Martin Elsaesser was born in Tübingen in 1884 as the second-youngest of the ten children of the theologian Karl August Elsaesser and his wife Marie Sofie Werner. He studied architecture at the Technical Universities of Stuttgart and Munich, with Friedrich von Thiersch (Munich) and Theodor Fischer (Stuttgart). In 1905 he won the competition for the Protestant church of Baden-Baden-Lichtental (built 1907), which began his career as an independent architect. From 1906 to 1908 he was assistant to Prof Fischer and from 1908-1909 to Prof Paul Bonatz at the Technical University Stuttgart. From 1909-1912 he taught there on an independent basis, until he was nominated in 1912 as extraordinary Professor for Architectural Design, Medieval Architecture and Theory of Construction.
From 1920 to 1925 Elsaesser was managing director of the School of Arts and Crafts at Cologne (later known as the Kölner Werkschulen). In 1925, Frankfurt Lord Mayor Ludwig Landmann named him Head of the city’s building department, at the same time as Ernst May was put in charge of urban planning. Elsaesser kept his position as Director of Building Works until 1932, while maintaining his private architect’s practice and professorship of Architectural History. His largest construction during his time at Frankfurt was the Grossmarkthalle, while his most personally satisfying commission was “Haus K. in O.”, a large private villa built for the cigarette magnate Philipp Reemtsma in Hamburg-Ottmarschen between 1930-1932.
From 1933 to 1937 he worked as an independent architect in Munich, and from 1938 to 1945 he lived in Berlin. Subject to defamation and personal attacks by the National Socialist press in Germany, he received no further commissions after 1933, but was able to supervise and realize a number of projects in Turkey, notably the design and construction of the Sümer Bank in Ankara. During the war years, Elsaesser led a withdrawn life in Berlin, devoting himself to his other passion: music, designing buildings for the future in the style of his early work, and composing more than 300 occasional poems, along with two epic poems and several libretti for music dramas.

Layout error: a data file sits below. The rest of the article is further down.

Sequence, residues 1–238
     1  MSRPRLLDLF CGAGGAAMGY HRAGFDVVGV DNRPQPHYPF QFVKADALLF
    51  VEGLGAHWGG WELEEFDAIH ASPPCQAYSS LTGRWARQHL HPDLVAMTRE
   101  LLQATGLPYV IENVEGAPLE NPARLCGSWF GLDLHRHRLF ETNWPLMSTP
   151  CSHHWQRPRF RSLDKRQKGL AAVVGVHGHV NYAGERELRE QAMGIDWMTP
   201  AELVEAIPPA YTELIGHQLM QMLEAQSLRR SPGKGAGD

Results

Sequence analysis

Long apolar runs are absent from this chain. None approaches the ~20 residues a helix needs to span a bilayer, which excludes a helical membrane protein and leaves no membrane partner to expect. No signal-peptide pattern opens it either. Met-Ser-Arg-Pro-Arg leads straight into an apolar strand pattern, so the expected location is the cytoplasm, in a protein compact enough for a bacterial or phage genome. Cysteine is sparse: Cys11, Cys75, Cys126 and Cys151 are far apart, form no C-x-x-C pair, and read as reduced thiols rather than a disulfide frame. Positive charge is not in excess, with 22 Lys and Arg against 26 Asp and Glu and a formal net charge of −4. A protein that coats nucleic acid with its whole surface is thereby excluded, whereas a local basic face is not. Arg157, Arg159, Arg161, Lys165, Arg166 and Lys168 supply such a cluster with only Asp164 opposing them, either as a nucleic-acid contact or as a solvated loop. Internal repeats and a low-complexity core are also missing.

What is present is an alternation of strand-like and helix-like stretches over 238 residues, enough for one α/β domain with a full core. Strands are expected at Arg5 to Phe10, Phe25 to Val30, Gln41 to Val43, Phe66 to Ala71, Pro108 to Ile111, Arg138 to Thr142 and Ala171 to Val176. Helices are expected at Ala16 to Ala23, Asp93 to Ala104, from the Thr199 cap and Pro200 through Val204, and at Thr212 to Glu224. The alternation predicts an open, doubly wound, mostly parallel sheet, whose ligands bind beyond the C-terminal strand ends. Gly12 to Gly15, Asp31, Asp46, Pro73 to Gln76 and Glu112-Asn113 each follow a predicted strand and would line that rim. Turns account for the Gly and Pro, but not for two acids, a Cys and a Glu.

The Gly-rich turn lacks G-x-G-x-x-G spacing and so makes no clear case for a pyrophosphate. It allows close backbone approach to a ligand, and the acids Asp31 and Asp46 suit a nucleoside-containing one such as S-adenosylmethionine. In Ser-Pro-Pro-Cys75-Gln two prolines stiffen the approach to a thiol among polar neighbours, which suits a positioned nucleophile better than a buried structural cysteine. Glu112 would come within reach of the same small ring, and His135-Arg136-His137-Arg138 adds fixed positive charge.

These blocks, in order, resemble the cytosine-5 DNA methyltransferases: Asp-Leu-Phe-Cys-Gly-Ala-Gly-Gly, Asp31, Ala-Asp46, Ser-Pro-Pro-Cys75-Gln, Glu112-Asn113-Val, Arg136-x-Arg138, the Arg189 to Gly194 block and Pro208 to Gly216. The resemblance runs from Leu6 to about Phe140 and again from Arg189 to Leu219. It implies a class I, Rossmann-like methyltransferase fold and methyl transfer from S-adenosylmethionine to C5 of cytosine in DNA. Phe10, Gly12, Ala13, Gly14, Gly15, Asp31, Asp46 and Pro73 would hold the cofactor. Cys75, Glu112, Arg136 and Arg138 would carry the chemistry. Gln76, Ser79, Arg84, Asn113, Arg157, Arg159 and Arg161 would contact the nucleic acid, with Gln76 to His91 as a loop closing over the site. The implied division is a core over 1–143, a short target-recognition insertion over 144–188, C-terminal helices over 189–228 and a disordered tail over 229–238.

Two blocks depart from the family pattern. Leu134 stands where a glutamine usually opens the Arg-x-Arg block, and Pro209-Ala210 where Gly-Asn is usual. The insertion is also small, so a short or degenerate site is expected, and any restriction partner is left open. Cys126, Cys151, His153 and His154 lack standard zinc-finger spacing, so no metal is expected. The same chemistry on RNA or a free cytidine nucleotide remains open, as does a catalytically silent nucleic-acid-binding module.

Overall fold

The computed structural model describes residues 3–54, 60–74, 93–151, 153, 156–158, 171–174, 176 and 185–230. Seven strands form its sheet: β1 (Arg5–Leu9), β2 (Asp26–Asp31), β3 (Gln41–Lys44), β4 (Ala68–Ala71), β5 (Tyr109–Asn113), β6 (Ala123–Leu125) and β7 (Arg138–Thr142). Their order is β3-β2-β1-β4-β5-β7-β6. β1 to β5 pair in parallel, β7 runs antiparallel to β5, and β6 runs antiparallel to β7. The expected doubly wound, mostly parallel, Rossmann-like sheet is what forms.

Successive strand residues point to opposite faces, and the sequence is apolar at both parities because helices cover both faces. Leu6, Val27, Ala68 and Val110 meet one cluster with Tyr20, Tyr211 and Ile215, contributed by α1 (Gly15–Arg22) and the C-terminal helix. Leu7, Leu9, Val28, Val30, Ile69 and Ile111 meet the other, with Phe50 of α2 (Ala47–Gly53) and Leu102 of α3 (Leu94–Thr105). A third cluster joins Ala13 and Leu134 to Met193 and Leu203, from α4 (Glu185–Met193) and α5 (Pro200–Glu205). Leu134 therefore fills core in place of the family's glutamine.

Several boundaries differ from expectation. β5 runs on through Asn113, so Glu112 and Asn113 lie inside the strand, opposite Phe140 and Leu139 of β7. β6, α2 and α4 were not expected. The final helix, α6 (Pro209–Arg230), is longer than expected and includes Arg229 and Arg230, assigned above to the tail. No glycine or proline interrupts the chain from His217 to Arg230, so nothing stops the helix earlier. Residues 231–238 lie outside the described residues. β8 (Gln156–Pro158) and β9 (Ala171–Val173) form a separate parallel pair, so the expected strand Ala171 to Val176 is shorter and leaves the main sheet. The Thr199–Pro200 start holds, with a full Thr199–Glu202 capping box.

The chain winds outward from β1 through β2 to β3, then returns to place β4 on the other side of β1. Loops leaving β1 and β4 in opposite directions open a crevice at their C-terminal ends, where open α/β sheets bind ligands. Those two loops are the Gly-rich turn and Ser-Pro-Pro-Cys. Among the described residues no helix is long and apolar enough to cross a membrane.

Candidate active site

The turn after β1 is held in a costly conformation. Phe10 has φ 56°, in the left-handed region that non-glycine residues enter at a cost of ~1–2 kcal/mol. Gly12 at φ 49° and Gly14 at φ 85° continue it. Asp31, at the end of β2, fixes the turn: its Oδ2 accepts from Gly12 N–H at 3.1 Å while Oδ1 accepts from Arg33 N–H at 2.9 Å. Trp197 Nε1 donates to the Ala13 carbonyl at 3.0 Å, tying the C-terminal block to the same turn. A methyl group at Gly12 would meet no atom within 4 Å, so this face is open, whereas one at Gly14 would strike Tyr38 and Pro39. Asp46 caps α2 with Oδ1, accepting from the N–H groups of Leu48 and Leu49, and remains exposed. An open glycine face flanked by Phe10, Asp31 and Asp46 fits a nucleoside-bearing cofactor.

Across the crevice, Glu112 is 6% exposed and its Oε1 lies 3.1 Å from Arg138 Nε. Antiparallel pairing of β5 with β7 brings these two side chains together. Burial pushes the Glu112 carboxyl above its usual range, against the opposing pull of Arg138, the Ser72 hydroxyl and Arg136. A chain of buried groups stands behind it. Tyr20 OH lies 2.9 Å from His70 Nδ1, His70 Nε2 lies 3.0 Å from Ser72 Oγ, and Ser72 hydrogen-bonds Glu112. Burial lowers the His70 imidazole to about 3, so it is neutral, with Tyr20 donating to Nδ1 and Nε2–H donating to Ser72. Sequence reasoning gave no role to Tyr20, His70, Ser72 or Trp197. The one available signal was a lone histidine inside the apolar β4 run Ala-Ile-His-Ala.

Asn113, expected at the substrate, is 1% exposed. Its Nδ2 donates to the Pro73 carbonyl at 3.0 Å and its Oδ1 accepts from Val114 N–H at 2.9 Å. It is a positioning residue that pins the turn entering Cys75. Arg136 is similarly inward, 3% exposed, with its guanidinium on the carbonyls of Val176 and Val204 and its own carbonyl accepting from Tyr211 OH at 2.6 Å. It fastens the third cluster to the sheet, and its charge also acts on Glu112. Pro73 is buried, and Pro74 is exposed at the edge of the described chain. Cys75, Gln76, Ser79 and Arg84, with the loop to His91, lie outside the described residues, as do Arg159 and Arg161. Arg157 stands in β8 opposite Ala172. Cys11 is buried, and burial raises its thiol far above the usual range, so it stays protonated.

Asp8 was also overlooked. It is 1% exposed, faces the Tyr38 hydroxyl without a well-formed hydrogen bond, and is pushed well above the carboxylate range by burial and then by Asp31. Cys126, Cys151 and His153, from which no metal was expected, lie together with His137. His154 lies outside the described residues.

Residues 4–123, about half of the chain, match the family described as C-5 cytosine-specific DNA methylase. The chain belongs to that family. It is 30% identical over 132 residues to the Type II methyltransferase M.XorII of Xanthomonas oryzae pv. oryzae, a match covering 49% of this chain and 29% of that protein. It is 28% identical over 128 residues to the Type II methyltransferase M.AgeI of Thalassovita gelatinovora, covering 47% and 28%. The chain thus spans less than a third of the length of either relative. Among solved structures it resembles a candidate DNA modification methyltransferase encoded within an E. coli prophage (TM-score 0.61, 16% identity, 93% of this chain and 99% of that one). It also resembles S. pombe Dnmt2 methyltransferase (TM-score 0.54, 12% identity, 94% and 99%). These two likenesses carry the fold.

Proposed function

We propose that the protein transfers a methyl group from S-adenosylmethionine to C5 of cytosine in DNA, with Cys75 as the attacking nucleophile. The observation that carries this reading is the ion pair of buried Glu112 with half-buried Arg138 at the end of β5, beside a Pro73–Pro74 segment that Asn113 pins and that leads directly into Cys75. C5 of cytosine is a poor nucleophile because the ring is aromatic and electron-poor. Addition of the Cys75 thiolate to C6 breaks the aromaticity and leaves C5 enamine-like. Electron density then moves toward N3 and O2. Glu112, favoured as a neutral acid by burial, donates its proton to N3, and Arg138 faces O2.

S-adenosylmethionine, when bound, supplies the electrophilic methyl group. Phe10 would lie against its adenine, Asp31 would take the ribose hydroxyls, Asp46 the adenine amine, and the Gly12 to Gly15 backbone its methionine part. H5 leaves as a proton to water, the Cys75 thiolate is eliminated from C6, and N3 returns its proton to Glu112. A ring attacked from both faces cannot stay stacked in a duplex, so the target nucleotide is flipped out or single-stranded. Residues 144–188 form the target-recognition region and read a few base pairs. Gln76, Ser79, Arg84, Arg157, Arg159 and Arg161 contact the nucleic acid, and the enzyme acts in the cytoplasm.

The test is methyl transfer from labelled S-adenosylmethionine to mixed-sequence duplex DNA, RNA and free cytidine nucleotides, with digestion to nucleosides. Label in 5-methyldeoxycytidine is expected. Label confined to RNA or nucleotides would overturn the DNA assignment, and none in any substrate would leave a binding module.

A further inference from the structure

1946 Elsaesser returned to Stuttgart, in the hope of renewing his ties with the academic and architectural community, and of contributing to the reconstruction work of Germany’s cities. In a series of programmatic essays and pamphlets on contemporary problems of urbanism and city planning, he demonstrated his pragmatic as well as conservationist approach in the debate over the future of the bombed out buildings and cities. Apart from assisting in the repair and reconstruction of several of his own buildings, no new commissions materialized either in Stuttgart or elsewhere, and Elsaesser accepted in 1948 a post as Acting Professor of Architectural Design at the Technical University Munich, which he held until his retirement in 1956.
On the occasion of his 70th birthday in 1954 he was awarded the Cross of the Order of Merit by the President of the Federal Republic, Theodor Heuss. He suffered a first stroke in 1955, from which he recovered. After a second stroke, and following complications due to pneumonia, he died on August 8th, 1957.
Martin Elsaesser is buried at the Waldfriedhof in Stuttgart.